Helen Sears’ retrospective at Zelda Cheatle Gallery

Reconstructing the environment


Zelda Cheatle, fine photograph dealer, launches a mini-retrospective of artist Helen Sears, “Moments apart,” at her bijou Covent Garden gallery (until 29 June). Sears, in conversation with The Art Newspaper, states her current objective as an attempt “to reconstruct the global environment.” Earlier, she spoke of “trying to articulate a landscape that might be identified with the feminine.”

Art or photography? That old chestnut now seems as dead as a dodo. So, what exactly is this guessing game which Helen Sears seems intent on playing with our eyes? Several sympathetic experts have already uttered on the subject of “Gone to earth,” Sears’s 1995 exhibition at the John Hansard Gallery, University of Southampton. Here, then, is a brief description of Sears’ modus operandi, together with a report of our interview.

Sears’s work is built upon the premise of the self-perpetuating myth of memory. Drawing upon a large fund of transparencies, her pieces sparkle with scintillae of light, a virtual trademark, and are the product of an elaborate process: B&W photographs colourised by slide projection, computer-manipulated, re-photographed in colour negative. She talks about “a physical journey to a particular site, much as an early explorer;” of “the death of the instant of the original photograph and its reanimation in the presence of the viewer;” of “the artifices of layering,” as also “never the idea of photographic truth, but of what lies beneath the surface.”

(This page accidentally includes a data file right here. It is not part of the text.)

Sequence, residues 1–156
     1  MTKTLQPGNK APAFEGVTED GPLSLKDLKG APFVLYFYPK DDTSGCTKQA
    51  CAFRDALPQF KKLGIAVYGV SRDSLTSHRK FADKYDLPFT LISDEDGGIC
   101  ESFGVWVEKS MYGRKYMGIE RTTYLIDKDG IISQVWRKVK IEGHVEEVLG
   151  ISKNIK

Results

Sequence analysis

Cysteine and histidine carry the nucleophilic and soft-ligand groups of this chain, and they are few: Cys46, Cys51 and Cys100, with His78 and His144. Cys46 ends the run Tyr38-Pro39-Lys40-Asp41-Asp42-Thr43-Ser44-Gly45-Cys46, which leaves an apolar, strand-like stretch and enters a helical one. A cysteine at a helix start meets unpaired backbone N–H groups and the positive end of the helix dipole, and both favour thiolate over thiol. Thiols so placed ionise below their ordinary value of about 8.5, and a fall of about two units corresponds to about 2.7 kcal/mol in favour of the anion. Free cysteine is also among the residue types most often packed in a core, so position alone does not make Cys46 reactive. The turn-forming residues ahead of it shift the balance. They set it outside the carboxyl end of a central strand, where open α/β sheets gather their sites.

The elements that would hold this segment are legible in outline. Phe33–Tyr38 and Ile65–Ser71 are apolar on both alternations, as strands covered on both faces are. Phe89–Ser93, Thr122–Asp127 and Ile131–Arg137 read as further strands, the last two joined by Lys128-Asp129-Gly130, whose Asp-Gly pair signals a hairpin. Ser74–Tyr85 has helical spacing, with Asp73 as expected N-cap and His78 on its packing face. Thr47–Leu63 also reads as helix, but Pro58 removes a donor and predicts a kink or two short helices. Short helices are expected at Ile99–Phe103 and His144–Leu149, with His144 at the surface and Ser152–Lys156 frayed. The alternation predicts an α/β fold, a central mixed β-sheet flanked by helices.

She invokes the influence of Angela Carter (Heroes and villains), Mary Shelley (The last man) and of the late, lamented Helen Chadwick, yet fails to mention Richard Long. Ever alive to new trends, our observer brings this colourful, young installation artist to your attention despite being by nature excluded from being identified with the landscape (see above) because, although fascinated by women, he is, alas, merely a man. Zelda Cheatle Gallery is at 8 Cecil Court, London WC2, tel: +44 (0)171 836 0506.

Originally appeared in The Art Newspaper as 'Reconstructing the environment'